Marketing is like sex – nothing happens till people get excited. And if you spend all your time stuck in a bean-counter, task-orientated, box-ticker, don’t-think-for-yourself or colour-outside-the lines-frame of mind then you’ll never create a single communication, let alone a brand, that’ll ever make the earth move.
Define the problem. Work out your objective. Draw up a plan. Use systems, formulas, step-by-step best practice approaches for all their worth. But there comes a point where you’ve got to cut loose and let your imagination off the leash. Otherwise all you’ll be is same old same old. And boring as ****.
Two heads are better than one
What we’re talking about here is a change of heads. Put your Mr Logic head on to do all the groundwork. Then put your Mr Creative head on and go walk the wild side. Where will you end up? Somewhere more interesting than you are now!
Way back in the Mad Men era there were two characters who personified these two very different approaches. David Ogilvy, coming from a market research background, was a methodical, analytical, left-brain sort of chap who tended to produce campaigns, backed up data and piles of best practice, that were hard to argue against – logical, but not terrible lovable.
Ad for the world’s loudest clock?
Ogilvy’s approach worked fine for big and well established brands that had lots of money to spend.
Bill Bernbach, however, was the exact opposite. He was a genius at helping smaller challenger brands take on the market leaders. Like Avis.
An ad that tries harder
Or become market leaders. Like VW.
Lateral not literal
How to turn a car made by Nazis appear lovably American shortly after the war
Go forth and be creative
Bernbach’s words are hard to improve on, so I’ll just quote him. “A company will spend years in research and hundreds of thousands of dollars to create a point of difference for its product, and then use run-of-the-mill advertising to convey that difference to the people. Why? They must know that if their ad looks like all others, their product will be classed with all others. So often the words are saying ‘Look how different I am’, while the total ad says, ‘Pay no attention to what I say, I’m really one of the boys’.”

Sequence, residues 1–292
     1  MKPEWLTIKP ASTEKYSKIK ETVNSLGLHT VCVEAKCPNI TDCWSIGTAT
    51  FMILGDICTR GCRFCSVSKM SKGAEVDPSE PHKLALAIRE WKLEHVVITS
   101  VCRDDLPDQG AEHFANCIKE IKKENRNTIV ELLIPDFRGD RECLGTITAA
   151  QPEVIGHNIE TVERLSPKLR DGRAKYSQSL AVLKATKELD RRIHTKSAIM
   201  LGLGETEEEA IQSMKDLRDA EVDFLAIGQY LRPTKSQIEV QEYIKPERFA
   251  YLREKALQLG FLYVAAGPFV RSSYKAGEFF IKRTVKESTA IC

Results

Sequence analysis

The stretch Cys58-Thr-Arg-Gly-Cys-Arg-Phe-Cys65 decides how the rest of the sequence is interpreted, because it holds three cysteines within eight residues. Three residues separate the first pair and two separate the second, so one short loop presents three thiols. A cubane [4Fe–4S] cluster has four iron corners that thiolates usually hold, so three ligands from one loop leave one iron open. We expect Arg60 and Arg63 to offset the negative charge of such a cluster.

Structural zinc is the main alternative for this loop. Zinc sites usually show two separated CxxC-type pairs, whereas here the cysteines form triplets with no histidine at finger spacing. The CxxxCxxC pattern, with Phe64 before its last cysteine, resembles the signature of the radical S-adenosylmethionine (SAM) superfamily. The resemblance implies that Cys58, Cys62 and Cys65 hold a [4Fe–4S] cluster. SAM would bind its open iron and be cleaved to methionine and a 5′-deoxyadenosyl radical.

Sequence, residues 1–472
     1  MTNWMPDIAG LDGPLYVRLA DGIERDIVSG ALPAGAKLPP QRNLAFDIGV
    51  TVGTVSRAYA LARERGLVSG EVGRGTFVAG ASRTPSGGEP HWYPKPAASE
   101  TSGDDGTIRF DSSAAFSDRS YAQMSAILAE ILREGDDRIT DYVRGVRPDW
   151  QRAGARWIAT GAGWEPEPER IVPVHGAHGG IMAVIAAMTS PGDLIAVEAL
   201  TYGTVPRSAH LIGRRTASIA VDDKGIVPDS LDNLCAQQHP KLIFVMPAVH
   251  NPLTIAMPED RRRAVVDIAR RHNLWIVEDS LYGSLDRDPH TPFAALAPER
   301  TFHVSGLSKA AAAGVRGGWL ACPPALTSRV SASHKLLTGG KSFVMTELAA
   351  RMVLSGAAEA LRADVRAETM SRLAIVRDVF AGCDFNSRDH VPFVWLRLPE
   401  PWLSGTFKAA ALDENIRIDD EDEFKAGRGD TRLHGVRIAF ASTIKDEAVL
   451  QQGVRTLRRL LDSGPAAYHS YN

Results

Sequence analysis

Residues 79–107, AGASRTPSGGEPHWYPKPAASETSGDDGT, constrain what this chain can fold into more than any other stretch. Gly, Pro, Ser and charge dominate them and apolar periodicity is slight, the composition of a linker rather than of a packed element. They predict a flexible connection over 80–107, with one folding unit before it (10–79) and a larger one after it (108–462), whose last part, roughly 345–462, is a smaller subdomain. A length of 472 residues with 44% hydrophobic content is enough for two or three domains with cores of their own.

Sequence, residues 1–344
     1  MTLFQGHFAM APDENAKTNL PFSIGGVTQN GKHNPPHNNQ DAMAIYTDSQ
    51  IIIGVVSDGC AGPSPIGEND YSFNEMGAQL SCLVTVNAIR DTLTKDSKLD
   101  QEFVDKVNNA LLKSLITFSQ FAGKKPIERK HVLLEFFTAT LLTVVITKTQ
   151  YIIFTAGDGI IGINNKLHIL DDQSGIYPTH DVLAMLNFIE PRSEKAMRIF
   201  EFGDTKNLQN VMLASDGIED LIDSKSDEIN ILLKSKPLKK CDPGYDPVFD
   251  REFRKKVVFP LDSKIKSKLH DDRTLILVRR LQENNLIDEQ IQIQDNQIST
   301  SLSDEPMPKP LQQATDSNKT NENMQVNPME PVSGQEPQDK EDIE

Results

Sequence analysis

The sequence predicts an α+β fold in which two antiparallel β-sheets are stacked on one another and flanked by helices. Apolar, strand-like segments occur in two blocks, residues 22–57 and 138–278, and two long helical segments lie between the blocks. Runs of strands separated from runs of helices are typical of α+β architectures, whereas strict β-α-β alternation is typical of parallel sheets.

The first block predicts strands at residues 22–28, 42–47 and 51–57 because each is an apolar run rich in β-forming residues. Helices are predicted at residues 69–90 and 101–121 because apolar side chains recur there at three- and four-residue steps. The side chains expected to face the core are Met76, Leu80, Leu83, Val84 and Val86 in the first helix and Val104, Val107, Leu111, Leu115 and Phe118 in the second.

And here, for me, is the killer. “There are a lot of great technicians in advertising. And unfortunately they talk the best game. They know all the rules. They can tell you that people in an ad will get you greater readership. They can tell you that a sentence should be this short or that long. They can tell you that body copy should be broken up for easier reading. They can give you fact after fact after fact. They are the scientists of advertising. But there’s one little rub. Advertising is fundamentally persuasion and persuasion happens to be not a science, but an art.”
In the same letter (his retirement letter, describing how he has been searching for people to replace him) he adds “I don’t want academicians. I don’t want scientists. I don’t want people who do the right things. I want people who do inspiring things.” He complained that those who follow formulas exhibit “sameness, a mental weariness, a mediocrity of ideas.” They could defend their work “on the basis that it obeyed the rules of advertising. It was like worshipping a ritual instead of the God.”
In other words he passionately believed that great advertising, marketing, branding (call it what you will), has a soul. Like great art, music, literature, architecture and even cookery, it’s created by people who first mastered the rules, then went off piste with a passion. Think Picasso, Bob Dylan, Shakespeare, Gaudi and Heston Blumenthal. Or, put it another way, you don’t get the Mona Lisa, a work of sublime mastery and mystique that transcends any explanation, if you stick to painting by numbers.
Mona Lisa picture credit http://chrispop.deviantart.com/